Start a trip to the Hamptons on a Friday at 4 PM (even during this cold, ugly winter) and you deserve what you get.
What I got in the first two hours of my four-hour trip to Bridgehampton was bumper-to-bumper traffic with me driving and my little fluffy pal Shlomo asleep in the back seat. This was traffic that never went over 10 mph.
Queens felt as big as Texas.
At one point I decided to go to a playlist on my iPod which I had sensitively titled "Music for Old Farts."
I played the rock and roll music I grew up with in high school. The songs I played were "Earth Angel" by The Penguins, "Sincerely" by The Moonglows and "Pledging My Love" by Johnny Ace. Then the song "Dedicated to the One I Love" by The Shirelles came on and I remembered once, many years ago, on a car ride with another couple, both Judy and her friend Julie agreed "Dedicated to the One I Love" was "one of THOSE songs."
"What does 'THOSE songs' mean?" I asked. "You know," was the answer, "like Mindy Carson singing the dance that was called 'The Fish.'"
"God, wasn't that awful the way boys used those songs to grind themselves into you?" Julie said.
"They would bump and grind into you as hard as they could," said Judy.
Both women sounded obviously traumatized for life by the experience.
Julie's husband Ed and I both smirked at each other.
Now I can't dance to save my life. I am the worst dancer in the world.
I came from a long line of awkward clumsy dancers. My mother and father attempting to dance at my wedding to Judy in 1983 were the worst. Their dancing looked like an event at the handicapped Olympics. But I must say I was like Fred Astaire when it came to doing "The Fish." I would bump, I would grind, I would work myself into a red-faced perspiring frenzy doing "The Fish."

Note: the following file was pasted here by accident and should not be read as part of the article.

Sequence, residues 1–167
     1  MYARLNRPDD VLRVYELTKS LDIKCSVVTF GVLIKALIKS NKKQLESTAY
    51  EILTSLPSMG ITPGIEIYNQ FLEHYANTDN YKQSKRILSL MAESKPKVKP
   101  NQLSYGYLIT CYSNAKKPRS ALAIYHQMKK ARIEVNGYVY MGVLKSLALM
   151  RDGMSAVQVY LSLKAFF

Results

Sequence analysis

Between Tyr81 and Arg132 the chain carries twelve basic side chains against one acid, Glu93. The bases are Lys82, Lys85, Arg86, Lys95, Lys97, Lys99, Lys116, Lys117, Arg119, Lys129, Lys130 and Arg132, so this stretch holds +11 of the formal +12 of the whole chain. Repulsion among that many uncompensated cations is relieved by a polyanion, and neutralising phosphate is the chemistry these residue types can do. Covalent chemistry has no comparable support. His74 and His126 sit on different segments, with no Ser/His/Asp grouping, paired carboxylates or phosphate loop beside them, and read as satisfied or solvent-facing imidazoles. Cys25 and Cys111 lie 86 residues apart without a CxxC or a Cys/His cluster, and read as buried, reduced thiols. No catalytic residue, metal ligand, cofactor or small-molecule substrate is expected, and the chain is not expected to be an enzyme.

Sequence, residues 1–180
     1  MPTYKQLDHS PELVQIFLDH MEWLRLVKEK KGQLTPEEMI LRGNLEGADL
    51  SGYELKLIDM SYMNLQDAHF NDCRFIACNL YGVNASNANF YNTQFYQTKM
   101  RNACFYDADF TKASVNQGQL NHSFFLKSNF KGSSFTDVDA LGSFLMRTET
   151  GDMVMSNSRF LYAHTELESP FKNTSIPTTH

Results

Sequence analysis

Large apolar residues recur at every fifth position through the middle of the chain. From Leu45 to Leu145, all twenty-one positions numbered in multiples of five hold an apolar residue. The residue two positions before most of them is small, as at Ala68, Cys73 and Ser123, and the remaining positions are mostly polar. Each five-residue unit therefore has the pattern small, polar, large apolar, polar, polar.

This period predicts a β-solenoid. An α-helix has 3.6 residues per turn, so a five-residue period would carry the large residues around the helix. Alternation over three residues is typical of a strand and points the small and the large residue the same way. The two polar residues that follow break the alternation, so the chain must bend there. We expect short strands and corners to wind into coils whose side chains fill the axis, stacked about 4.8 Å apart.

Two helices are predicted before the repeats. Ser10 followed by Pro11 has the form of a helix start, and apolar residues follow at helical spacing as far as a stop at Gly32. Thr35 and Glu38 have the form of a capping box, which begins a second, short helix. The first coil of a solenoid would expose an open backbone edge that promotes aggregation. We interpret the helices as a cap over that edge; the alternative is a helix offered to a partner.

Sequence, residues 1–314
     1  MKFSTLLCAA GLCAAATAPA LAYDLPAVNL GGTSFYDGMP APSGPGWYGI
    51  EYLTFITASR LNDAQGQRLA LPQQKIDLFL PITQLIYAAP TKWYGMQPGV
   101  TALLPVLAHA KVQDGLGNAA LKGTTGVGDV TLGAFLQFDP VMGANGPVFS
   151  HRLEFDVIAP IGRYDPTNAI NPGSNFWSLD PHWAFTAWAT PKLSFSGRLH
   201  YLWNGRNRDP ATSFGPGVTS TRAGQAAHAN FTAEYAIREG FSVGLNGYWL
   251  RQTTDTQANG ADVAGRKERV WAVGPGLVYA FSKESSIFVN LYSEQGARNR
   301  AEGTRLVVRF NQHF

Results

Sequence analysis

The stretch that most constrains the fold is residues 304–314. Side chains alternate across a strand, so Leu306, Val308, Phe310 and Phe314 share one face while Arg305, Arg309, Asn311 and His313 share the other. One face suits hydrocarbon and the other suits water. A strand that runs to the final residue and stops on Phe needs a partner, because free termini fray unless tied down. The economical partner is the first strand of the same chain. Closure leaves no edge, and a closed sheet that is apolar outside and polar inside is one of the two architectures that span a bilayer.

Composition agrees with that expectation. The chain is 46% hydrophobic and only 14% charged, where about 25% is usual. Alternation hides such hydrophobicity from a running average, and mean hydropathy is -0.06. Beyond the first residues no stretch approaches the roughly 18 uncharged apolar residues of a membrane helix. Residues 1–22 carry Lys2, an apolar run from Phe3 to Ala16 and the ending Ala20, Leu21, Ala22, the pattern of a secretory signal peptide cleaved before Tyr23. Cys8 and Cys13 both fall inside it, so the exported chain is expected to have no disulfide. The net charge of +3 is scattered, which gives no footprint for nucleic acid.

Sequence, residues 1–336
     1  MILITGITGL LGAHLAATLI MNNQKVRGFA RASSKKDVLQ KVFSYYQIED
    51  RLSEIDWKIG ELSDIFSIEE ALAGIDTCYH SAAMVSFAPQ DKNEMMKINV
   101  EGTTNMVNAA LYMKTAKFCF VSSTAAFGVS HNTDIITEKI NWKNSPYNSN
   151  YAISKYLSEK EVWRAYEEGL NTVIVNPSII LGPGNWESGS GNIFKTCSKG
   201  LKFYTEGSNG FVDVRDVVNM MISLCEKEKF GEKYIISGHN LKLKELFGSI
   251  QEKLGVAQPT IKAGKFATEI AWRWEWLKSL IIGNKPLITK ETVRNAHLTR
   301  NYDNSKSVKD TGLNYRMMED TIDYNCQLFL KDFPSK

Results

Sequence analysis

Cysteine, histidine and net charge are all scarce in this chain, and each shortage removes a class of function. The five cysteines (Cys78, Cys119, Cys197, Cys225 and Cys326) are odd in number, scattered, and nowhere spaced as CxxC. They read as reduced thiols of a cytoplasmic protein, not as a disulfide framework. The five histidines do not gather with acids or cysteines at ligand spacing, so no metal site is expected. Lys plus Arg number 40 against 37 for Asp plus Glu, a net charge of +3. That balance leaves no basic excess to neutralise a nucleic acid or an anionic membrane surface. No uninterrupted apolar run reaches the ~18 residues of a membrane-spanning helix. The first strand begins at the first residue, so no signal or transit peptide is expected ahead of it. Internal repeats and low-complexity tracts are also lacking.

Suddenly I went back a million years and I was 15 years-old dancing in Sandy's basement. (Last name withheld in case there is not a statute of limitations for things you did when you were 15 years old in the basement with Sandy and her friends.)
"The Fish" was put on the turntable. The lights were turned down low and "The Fish" would play over and over. The words are forever locked in my brain:
The Fish. Is it a salmon that comes in a can?
(Chorus): No no no no no.
Is it a flounder that you fry in a pan?
No no no no no.
What is this new dance I'm asking you man?
They call it The Fish.
Roll a little left foot, 1 2 3.
Rock little right foot, bend your knee.
Use the ocean motion, calm and cool.
Rock and roll your baby, that's the only rule.
My favorite part was the "ocean motion" part. I don't mean to boast, but when I did the "ocean motion" part, the tide was always going out, if you know what I mean.
Never once, in those days, did a girl I danced with bump or grind back. Good thing, too. I would have passed out from excitement.
Now you have to understand that what boys were bumping and grinding against was something every girl wore in those days — a panty girdle. This was sort of like a hard elastic body armor. A boy bumping against a panty girdle could damage himself for life if he caught the hard edge of the panty girdle the wrong way during a bump or a grind.
Also, if one got lucky and found himself in a position where one could work his hand under a panty girdle, then one had to deal with the dangers of the elastic cutting off circulation in the fingers. Gangrene caused by a hand's lengthy stay under a panty girdle was a real fear in those days. Bras weren't the wispy, dainty things they are today. They had these hard plastic bones in them for shape. I always worried about losing an eye from a snapping bone if I got too close to a bra with my head.
We were so innocent in those days.
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